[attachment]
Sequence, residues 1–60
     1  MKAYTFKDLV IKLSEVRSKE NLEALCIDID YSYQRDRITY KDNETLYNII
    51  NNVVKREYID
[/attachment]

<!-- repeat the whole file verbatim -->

Sequence, residues 1–60
     1  MKAYTFKDLV IKLSEVRSKE NLEALCIDID YSYQRDRITY KDNETLYNII
    51  NNVVKREYID